What’s an aircraft canopy?

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Aircraft canopies protect pilots from the elements and provide a clear view. Military canopies are often bulletproof. Early designs lacked canopies, and pilots had to withstand the elements. Canopy design evolved to include warning displays and pilot eject functions. In World War II, carrier-based pilots launched with canopies open to avoid drowning. Canopies led to pressurized cabins and all-weather flying.

An aircraft cover is a protective cover worn over the cabin. Typically constructed of a transparent or composite material, the aircraft canopy allows the pilot to be protected from the elements while offering a clear view. Fighter jets are aided by the inclusion of a bubble-like aircraft canopy in their design that offers the same unobstructed view. Military aircraft canopy construction is generally made of bulletproof or bullet-resistant materials.

Early aircraft designs did not include an aircraft canopy. These open cockpit designs exposed pilots to rain, snow, cold, and wind. Often the survivor of a military encounter or long commercial flight was simply a pilot who could withstand the elements for longer – the addition of an aircraft cover allowed the pilot to experience a protected environment while flying. Since pilots did not need to follow traffic signs, some early aircraft canopy designs were unable to offer any forward vision. Planes like the famous Spirit of St. Louis only had side windows to allow the pilot to look over the side of the plane to take ground readings.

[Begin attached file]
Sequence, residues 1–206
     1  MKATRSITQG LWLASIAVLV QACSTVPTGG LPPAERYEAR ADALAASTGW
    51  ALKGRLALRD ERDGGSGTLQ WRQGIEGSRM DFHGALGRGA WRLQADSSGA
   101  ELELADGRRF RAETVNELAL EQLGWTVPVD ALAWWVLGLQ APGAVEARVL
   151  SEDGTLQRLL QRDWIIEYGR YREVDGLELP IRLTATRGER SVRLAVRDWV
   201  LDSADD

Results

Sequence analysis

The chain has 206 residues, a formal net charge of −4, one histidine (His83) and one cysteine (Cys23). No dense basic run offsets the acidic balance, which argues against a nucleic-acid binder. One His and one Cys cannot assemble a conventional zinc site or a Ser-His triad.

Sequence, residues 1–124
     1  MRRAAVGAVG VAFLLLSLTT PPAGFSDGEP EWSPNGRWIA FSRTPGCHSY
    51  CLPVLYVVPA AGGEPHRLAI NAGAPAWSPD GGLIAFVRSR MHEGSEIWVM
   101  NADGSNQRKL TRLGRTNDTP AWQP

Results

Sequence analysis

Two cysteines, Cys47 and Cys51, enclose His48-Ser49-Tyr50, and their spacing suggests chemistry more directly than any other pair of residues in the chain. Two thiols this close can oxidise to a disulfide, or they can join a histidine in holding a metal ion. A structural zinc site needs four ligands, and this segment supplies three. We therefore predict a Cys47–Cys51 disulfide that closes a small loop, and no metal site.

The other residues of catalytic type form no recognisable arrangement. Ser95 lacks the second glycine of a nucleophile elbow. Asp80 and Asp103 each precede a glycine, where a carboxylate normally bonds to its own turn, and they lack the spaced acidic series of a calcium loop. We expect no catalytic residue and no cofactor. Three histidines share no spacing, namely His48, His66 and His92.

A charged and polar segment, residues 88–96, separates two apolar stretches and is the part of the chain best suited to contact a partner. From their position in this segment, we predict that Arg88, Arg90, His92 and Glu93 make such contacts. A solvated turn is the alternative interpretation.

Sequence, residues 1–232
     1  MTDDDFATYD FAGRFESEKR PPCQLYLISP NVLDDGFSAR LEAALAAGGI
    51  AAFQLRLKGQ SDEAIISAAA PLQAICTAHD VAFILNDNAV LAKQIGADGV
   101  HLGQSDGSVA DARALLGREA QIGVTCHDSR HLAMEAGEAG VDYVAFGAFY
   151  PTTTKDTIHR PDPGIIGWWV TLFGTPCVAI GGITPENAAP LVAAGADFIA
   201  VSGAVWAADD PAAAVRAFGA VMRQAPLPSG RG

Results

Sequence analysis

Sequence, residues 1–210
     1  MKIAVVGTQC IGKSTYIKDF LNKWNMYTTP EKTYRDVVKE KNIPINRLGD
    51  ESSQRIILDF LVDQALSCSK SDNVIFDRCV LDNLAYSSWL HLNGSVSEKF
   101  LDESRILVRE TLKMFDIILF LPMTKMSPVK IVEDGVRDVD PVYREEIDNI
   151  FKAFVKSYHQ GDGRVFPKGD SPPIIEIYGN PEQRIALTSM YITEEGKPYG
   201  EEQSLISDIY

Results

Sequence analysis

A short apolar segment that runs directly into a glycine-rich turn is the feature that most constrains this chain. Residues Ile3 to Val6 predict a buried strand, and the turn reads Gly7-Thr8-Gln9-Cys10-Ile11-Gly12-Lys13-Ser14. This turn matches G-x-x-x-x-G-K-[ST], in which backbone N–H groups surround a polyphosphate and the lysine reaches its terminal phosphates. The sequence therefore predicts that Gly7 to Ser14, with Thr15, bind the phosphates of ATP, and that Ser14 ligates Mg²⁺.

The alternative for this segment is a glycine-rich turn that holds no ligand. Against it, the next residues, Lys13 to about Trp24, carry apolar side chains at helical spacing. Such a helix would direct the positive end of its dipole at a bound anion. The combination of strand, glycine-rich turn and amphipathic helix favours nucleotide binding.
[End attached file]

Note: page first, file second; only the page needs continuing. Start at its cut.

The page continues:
As aircraft canopy design evolved, the vital operations of aircraft became intertwined with the canopy. Warning instrument displays began to appear on the aircraft’s windshield. Pilot eject functions were also incorporated into the canopy as small explosive charges were formed in the canopy. These explosives were intended to loosen the canopy and allow pilots to fire and exit the plane in an emergency without fear of crashing into the canopy and injury. Unfortunately, early efforts fell short, and many pilots and rear-seat occupants lost their lives as the canopies would not budge when passengers tried to eject them.

In World War II, carrier-based pilots were taught to launch their aircraft with the canopies in the locked open position. This was done when several failed launches resulted in the pilots crashing in the ocean and drowning due to being unable to open the canopy of their crashed plane. To combat this serious problem, pilots would take off with the canopy open; once in the air, they would close the canopy. This practice resulted in a mandatory slip canopy on all aircraft that would see carrier service and almost ended with the open canopy on fighter aircraft. The aircraft canopy also led the way for the evolution of developments such as pressurized cabins, the ability to fly in inclement weather, and round-the-clock operations.

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